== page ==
The sales side of the SLA should detail the speed and depth of following up with marketing-generated leads. A few years ago, HubSpot enlisted an MBA student's help in performing an analysis to determine the optimal number and frequency of follow-up attempts for each lead -- if you have the time and resources for that, great. But many businesses don't. According to the InsideSales Fall 2016 ResponseAudit Report:
Not all leads may be fit to send to Sales immediately. Perhaps they need to meet some minimum level of quality, like reaching a certain activity level, which can only take place after being nurtured by Marketing. That's perfectly fine -- as long as your leads get some immediate follow-up.
The first moments after lead conversion are critical in maintaining a relationship with your leads, and either Sales or Marketing should take action to start building that relationship, make nurturing easier, and set up the sales rep for success when she eventually does reach out.
But this advice is futile if you don't consider the bandwidth of your sales reps. Sure, in a perfect world, they'd make six follow-up attempts for each lead -- in reality, though, they may simply not have enough hours in the day to do that. For that reason, you'll also need to factor in the number of leads each rep is getting (based on the Marketing SLA), how much time they spend on marketing-generated leads versus sales-generated leads, and how much time they have to spend on each one. If you're looking to conserve time, some of the follow-up -- email, in particular -- could be automated, so look into options there.
3) Set up Marketing SLA Reporting
Now that you have your SLA goals, it's time to track your progress against that goal -- daily.
To start, graph the goal line. Multiply 1/n -- n is the number of days in the month -- by your monthly goal. That should determine what portion of your monthly goal you need to achieve each day. You'll want to graph that cumulatively throughout the month and mark your cumulative actual results on the same chart. We call that a waterfall graph, and it looks something like this:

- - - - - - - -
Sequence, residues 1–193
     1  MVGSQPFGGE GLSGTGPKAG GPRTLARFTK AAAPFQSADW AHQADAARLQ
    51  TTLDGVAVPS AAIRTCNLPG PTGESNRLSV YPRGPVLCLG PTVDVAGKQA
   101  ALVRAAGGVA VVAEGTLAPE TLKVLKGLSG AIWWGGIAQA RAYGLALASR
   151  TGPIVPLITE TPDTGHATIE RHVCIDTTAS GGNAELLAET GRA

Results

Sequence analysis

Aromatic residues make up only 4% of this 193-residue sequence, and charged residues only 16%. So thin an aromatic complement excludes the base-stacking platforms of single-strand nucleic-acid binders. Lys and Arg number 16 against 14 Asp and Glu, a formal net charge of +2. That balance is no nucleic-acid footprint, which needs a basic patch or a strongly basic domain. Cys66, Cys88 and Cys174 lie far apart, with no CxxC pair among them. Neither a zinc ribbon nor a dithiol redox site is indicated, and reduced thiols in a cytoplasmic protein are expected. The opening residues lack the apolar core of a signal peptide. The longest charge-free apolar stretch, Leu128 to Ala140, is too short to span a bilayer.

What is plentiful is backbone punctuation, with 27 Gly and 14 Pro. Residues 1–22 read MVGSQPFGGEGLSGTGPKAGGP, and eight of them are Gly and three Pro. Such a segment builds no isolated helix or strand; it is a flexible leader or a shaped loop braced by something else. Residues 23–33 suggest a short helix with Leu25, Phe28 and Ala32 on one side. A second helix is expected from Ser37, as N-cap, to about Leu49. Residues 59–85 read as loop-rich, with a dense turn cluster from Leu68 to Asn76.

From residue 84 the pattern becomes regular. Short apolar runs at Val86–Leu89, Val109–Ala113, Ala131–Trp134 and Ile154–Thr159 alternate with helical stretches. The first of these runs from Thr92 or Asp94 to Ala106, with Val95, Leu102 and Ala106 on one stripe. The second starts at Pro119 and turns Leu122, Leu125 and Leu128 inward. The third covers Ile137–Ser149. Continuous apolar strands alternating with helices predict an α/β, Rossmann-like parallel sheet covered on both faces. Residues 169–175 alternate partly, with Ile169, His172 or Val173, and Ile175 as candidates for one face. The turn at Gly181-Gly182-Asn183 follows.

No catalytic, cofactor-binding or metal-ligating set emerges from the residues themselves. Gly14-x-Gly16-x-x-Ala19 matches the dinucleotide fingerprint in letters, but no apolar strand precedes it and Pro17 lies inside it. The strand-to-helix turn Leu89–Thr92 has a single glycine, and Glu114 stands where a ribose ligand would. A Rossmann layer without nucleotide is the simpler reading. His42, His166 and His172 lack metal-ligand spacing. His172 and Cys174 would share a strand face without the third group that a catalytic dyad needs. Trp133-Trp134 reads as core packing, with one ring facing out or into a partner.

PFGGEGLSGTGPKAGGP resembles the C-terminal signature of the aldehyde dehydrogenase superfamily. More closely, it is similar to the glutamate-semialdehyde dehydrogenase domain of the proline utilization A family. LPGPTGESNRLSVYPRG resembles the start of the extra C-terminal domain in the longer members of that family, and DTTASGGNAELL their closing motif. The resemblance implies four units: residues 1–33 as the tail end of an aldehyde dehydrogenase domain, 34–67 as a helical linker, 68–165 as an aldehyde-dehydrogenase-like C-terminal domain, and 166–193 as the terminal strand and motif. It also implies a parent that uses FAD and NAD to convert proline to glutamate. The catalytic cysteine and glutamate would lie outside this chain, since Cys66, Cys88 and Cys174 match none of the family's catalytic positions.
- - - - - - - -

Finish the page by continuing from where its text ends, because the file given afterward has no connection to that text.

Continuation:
4) Set up Sales SLA Reporting
For the Sales SLA reporting, you'll have two graphs -- one monitoring the speed of follow-up, and the other monitoring the depth of follow-up.
To graph the speed of follow up, you'll need the date/time the lead was presented to sales, and the date/time the lead received her first follow-up. The difference between those two times equals the time it took for Sales to follow up with that particular lead.
Take the averages of lengths of time it took for Sales to follow up with all leads within a particular timeframe -- day, week, month -- and graph it against the SLA goal.
To graph the depth of follow-up -- e.g., the number of attempts -- look specifically at leads that have not been connected with, since the goal of the follow-up is to get a connect. For leads over a certain timeframe that have not gotten a connect, look at the average number of follow-up attempts made, and graph that against the SLA goal.
And One Last Step
When it comes to what should be in your service level agreement, there's one final piece: Review these metrics on a daily basis to monitor your progress, and make sure both Sales and Marketing have access to the reports for both sides of the SLA.
This step helps to maintain accountability and transparency and allows for both teams to address issues -- or congratulate each other on productive results.
What best practices have you observed in creating a service level agreement within your organization? Let us know in the comments.
via Blogger How to Create a SMarketing Service Level Agreement
And while AI is important and interesting, I'm going to ask you to put a pin in that so we can talk about another type of intelligence: emotional intelligence.
Emotional intelligence doesn't involve bots or machine learning, but it still could have a huge impact on your job, your success, and your happiness at work. By now, we all know that success isn't just about what you know -- it's about how you work with the people around you, too. And whether this involves networking, an inter-departmental project, or managing direct reports, other people will have a huge impact on if you get your next promotion, new job, or have opportunities presented to you.
In this post, we'll run through a quick review of emotional intelligence -- what it is, why it's important, and how to be an emotionally intelligent leader at work.
What Is Emotional Intelligence?
The term was first defined in 1990 by two behavioral researchers named Peter Salavoy and John Mayer, and it was more broadly popularized by Daniel Goleman in his 1996 book, Emotional Intelligence: Why It Can Matter More Than IQ.
Emotional intelligence is defined as "a form of social intelligence that involves the ability to monitor one’s own and others’ feelings and emotions, to discriminate among them, and to use this information to guide one’s thinking and action."
So, what does that actually mean, in plain English?
Emotional intelligence, or EQ (a play on intelligence quotient, or IQ), refers to your ability to handle emotions -- your own, and those of others. It's the ability to recognize and understand your emotions, having control over them, and help others do the same. And as you can imagine, these people skills can be just as important to professional (and personal) success as technical skills.